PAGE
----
All that said, here's another possibility...   The bus speed and CPU multiplier and cache ratio are controlled by a set of jumpers on the motherboard.  Are those still in their original position?  Does the machine still have the original CPU module installed?  Also, you may wish to check the heat sink grease between the CPU and heat sink.   If it's turned to powder, you could have a simple case of the CPU overheating soon after power on.

Edited by trag

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These things seem to need to pass the memory test before a PRAM reset is allowed... Hence why it's not working on the first power cycle before you get video.  That's my suspicion anyway. I'd also try removing and reseating EVERYTHING connected to the logic board except the CPU. Clean the edge connectors on any expansion cards you have installed too. 

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I pulled out a second G3, desktop style this time and it also refuses to work.  It has a nasty problem on the VRM.  Correct me if I am mistaken, but the capacitors appear to be leaking out the bottom?  There is no bulging on the top.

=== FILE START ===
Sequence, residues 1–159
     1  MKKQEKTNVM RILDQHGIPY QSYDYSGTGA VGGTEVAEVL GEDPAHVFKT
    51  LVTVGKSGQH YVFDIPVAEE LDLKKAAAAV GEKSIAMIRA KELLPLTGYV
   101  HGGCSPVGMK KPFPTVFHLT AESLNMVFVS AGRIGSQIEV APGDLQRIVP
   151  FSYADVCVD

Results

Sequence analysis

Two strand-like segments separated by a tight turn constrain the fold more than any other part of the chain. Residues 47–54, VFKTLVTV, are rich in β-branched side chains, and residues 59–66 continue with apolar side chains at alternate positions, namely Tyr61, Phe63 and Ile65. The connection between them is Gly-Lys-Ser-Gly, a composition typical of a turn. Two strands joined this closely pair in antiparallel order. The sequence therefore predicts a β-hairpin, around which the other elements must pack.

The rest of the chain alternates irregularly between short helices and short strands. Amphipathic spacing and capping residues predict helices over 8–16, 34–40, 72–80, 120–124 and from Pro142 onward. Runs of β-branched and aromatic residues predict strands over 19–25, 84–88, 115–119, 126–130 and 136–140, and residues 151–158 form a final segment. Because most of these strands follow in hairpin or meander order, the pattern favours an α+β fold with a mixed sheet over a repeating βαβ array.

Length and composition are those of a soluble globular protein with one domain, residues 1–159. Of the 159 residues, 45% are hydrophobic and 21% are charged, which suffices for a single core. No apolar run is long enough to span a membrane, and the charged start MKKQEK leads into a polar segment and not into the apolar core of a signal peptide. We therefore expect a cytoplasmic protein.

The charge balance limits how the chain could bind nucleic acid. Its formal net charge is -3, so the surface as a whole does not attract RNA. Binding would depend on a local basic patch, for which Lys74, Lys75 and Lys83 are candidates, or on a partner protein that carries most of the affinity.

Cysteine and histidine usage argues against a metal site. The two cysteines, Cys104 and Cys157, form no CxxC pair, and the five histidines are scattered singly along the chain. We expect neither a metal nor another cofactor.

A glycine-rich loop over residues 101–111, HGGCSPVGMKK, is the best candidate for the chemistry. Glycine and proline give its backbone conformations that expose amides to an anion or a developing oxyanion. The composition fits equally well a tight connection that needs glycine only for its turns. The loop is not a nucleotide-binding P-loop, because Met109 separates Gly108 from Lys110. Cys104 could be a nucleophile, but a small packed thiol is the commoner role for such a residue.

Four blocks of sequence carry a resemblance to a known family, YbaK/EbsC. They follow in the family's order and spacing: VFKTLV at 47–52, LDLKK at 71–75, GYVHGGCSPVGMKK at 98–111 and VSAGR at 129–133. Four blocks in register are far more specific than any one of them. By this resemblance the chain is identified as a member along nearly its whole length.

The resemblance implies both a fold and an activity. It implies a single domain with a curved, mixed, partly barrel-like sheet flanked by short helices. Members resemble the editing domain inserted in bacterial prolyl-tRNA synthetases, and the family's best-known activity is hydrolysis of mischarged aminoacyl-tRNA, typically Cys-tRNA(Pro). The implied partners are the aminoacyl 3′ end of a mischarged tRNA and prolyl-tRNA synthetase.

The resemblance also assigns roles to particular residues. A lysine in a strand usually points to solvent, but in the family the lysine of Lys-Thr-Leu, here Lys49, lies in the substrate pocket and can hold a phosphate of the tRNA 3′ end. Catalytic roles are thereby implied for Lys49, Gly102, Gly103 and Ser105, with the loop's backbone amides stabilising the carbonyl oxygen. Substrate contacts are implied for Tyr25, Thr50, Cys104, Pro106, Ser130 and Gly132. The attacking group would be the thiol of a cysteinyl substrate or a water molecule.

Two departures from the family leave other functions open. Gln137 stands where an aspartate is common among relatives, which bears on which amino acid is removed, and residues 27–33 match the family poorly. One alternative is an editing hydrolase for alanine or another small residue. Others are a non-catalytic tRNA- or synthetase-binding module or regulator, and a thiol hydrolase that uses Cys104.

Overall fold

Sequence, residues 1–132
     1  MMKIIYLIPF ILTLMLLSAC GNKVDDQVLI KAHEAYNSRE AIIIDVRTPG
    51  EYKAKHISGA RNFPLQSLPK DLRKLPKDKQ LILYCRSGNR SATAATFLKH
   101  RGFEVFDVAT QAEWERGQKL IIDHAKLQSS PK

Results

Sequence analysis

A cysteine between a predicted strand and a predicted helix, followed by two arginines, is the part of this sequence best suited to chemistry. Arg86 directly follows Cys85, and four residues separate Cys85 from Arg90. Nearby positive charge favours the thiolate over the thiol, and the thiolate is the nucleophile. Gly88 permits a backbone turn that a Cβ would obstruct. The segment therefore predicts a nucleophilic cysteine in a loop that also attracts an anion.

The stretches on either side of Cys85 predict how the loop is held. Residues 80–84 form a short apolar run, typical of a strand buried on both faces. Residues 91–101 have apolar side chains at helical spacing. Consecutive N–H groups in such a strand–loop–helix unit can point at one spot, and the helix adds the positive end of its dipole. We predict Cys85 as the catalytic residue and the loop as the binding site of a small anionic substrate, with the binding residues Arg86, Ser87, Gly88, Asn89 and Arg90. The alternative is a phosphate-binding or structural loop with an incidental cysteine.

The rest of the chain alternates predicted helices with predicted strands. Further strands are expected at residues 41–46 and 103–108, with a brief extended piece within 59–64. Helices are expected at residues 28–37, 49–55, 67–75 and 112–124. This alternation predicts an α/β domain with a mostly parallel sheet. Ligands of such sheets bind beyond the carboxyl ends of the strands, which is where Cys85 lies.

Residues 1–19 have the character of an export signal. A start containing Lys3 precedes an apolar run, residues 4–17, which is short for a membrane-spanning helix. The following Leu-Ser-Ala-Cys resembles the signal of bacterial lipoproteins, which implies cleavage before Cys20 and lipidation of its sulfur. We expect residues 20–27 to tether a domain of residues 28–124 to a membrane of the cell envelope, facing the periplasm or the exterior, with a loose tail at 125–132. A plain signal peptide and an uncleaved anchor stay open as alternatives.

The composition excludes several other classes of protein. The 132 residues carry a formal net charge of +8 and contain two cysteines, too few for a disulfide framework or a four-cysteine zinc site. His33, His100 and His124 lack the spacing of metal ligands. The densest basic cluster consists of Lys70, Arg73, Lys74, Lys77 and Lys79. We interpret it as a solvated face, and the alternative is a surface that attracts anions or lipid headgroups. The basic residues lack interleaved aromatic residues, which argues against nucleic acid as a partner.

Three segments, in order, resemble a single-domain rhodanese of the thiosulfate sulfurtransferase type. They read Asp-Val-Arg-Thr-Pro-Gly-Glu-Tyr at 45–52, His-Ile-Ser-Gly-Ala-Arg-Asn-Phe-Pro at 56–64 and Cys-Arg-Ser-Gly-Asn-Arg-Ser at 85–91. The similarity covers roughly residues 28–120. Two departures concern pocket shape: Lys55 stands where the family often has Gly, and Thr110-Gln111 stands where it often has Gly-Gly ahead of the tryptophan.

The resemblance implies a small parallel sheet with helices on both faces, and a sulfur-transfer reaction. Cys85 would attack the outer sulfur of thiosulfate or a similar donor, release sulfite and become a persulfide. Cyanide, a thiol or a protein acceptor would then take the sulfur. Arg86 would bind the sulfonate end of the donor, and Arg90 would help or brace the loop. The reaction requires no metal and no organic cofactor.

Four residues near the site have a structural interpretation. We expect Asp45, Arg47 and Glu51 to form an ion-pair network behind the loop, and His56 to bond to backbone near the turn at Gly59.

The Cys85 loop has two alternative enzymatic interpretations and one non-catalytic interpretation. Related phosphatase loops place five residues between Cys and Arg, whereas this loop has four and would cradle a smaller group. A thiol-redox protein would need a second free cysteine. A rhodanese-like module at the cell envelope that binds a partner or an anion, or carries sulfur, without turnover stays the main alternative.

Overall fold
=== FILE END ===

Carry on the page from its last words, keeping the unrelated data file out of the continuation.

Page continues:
VRM.JPG

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22 hours ago, trag said:

In cases like this, I recommend you remove the PCI video card, leave in the personality card, you need that, but remove the modem card from it,

Couldn't get at one of the screws holding the modem card in place, so I had to leave it there.  It didn't seem to hurt anything, because this:

 

22 hours ago, trag said:

remove all the RAM but one stick, unplug all the hard drive cables, SCSI and IDE.   Don't plug in a keyboard or mouse.    Remove the battery.  With machine unplugged,  hold down the CUDA button for 30 seconds.  Leave the battery out. The Beige doesn't need it to boot.

 

Connect a known working monitor which is capable of 640 X 480 @ 67Hz to the built-in video.   Power up with the power button on the front (back?  can't remember).  If you get a good start up bong, wait a couple of minutes to see if the monitor becomes active.

worked.  BTW, the power button is on the front.  I am going to continue to follow your instructions and see if I can find out what is causing this machine to keep losing its mind on me.